Ralph Lauren: A Critical Look At Its Business Fundamentals

| About: Ralph Lauren (RL)
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Despite its massive underperformance in last few years relative to the market, the stock of Ralph Lauren is still risky to add in the stock portfolio.

The company announced departure of the company CEO, Stephan Larsson, on Thursday due to the disagreements with the founder Ralph Lauren.

The company reported earnings per diluted share (EPS) of $0.98 for the third quarter fiscal 2017 as compared to $1.54 in the same period last year.

The key fundamental analyses indicate that the company is in deep trouble; therefore, the investors should be very careful before putting their eggs in Ralph Lauren’s basket.

Investment Thesis

Despite its massive underperformance in last few years relative to the market, the stock of Ralph Lauren Corporation (NYSE:RL) is still risky to add in the stock portfolio. The fundamentals of the company are poor as compared to its industry peers, and there are no sufficient signs of improvement in them yet. The capital providers should be very careful before investing in the company. Ralph Lauren would take the time to show satisfactory progress.

Source: Yahoo Finance

Ralph Lauren has been a consistent underperformer relative to the broader market since many years back. The stock has declined more than 12% in the last one year as compared to the market's appreciation of 22% in the same period. Over the longer term, it has massively underperformed the market due to its sub-par business performance in relation to the industry competitors. The founder of the company Ralph Lauren has utilized different tactics in order to compete in the challenging business environment.

To continue its plan to make the struggling lifestyle brand a competitive business, Ralph Lauren appointed Stephan Larsson as the company's chief executive officer (CEO) in November 2015. Larsson was a superstar CEO of his last company, Gap Inc. (NYSE:GPS). After joining Ralph Lauren, he took the company on a serious note and introduced a turnaround plan (Way Forward) to achieve $180-220 million in annualized savings. Larsson immediately took action on the plan by closing stores, firing employees, and bringing the brand to the modern values. However, he was in the midst of the plan when the news of his departure came. The company announced on Thursday, February 02, 2017, along with Q3 fiscal 2017 earnings call transcript, that the CEO will leave the company on May 1 due to the disagreements between him and the founder Ralph Lauren about creative and consumer-facing parts of the company's business. This sudden news has created a new debate about the company's turnaround plan and its future business prospects. The stock dropped more than 12% on Thursday after Larsson's departure news. Neil Saunders, managing director of GlobalData Retail, commented on the departure news as:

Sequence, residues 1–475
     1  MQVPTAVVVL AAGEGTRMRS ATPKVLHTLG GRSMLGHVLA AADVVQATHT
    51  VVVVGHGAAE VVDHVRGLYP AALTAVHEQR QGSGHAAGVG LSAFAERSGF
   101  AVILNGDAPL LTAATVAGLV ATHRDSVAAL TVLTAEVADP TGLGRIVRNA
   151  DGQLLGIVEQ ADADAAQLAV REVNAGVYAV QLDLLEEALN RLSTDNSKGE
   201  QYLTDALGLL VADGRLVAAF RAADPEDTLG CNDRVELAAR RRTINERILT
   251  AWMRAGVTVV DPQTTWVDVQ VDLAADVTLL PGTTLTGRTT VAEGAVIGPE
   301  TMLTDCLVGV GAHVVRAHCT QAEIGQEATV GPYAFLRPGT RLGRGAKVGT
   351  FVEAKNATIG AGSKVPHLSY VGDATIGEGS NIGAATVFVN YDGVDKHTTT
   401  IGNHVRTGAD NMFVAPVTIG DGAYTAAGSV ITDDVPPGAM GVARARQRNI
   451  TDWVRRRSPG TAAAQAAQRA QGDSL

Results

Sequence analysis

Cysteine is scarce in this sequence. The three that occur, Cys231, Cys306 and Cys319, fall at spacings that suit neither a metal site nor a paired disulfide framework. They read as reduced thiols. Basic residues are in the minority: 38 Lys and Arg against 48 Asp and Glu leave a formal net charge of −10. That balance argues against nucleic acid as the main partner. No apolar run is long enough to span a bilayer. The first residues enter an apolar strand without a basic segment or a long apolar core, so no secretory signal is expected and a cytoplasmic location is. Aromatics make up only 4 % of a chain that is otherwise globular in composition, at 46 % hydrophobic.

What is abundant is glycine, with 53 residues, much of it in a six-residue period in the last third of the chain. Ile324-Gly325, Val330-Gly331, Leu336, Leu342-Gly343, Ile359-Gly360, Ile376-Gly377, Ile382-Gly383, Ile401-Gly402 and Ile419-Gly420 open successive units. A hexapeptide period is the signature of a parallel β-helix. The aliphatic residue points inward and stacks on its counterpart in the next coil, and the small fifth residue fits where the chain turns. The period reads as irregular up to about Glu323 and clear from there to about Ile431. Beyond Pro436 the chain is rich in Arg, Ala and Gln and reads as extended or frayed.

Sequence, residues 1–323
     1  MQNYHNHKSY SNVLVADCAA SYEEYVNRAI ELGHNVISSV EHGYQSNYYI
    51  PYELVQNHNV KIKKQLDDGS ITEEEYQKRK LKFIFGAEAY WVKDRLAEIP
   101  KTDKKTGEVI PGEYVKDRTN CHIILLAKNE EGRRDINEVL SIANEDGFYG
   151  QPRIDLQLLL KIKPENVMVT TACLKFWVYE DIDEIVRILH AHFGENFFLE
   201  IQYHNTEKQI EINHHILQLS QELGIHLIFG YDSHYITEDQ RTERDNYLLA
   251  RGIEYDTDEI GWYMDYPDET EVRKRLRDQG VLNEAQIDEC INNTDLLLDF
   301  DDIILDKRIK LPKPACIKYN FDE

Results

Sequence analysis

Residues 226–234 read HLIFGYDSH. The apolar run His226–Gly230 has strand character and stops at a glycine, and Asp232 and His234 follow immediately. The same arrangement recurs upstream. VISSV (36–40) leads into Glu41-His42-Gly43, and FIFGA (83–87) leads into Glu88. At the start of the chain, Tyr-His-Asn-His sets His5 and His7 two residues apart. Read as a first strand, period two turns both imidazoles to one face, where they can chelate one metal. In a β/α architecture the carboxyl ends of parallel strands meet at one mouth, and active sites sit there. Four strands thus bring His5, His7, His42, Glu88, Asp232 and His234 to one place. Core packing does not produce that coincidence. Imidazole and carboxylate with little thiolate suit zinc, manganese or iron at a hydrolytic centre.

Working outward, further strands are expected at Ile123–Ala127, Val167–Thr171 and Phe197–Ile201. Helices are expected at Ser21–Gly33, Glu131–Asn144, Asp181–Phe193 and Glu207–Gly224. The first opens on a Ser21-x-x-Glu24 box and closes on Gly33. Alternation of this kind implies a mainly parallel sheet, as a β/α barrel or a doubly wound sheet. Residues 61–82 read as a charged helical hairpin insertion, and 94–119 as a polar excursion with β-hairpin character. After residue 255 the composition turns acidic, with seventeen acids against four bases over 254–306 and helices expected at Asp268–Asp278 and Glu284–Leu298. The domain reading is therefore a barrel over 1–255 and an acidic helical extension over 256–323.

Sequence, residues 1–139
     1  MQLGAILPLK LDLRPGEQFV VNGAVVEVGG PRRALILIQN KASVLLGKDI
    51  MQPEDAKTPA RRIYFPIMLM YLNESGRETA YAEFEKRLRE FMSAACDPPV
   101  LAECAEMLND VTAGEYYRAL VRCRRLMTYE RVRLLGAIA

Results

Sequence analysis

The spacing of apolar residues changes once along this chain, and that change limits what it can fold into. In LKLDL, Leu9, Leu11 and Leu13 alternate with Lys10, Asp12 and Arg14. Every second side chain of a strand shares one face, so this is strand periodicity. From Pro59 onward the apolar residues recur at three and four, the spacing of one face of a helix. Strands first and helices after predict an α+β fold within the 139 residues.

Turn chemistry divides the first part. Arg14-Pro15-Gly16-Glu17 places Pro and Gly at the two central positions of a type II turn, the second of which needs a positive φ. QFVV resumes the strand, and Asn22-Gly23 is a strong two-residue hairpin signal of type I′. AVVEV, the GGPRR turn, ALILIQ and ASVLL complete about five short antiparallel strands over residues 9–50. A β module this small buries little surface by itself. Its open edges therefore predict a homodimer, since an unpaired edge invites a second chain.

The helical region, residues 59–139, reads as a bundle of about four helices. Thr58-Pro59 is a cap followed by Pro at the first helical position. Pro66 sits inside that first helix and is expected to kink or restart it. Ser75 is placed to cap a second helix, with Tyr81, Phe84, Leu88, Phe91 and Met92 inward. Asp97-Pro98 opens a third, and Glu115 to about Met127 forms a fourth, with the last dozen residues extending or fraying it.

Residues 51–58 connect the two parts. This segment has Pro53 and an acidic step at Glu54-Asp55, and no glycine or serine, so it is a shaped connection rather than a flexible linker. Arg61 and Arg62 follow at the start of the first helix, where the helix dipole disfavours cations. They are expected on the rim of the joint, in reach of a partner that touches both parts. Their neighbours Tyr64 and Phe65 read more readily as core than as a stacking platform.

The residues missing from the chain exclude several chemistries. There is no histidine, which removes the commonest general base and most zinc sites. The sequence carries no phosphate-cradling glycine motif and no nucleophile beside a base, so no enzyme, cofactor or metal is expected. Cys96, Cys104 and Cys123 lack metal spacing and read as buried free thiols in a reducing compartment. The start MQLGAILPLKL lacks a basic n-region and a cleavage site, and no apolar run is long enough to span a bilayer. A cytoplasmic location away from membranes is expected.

"This sudden departure gives the impression of a brand in crisis, and we believe it signals significant internal wrangling over the future direction of the firm. As much as Ralph Lauren should be respected for his significant achievements and his undeniable design talent, we are concerned by the orthodoxy of his leadership, under which questioning and fresh thinking are relatively rare."

The news of the Larsson's departure is not the only factor that pushed the stock under pressure. Ralph Lauren reported third quarter results for fiscal 2017 on Thursday. The results are not encouraging as well. According to the release, the net revenues declined to $1.7 billion, a 12% drop from the same period last year. The company reported earnings per diluted share (EPS) of $0.98 as compared to $1.54 in the same period last year. The Wholesale segment was the culprit behind this unfavorable business performance, which reported 26% drop in revenues from the corresponding period of the previous year. This represents a concentration problem as Macy's (NYSE:M) account for almost 25% of the company's Wholesale business and the retailer is also in deep difficulties.

The following graph shows quarterly results of last three years. It is obvious that the business of Ralph Lauren is not generating any wealth for its shareholders. On the forward-looking basis, the company is maintaining its guidance for fiscal 2017.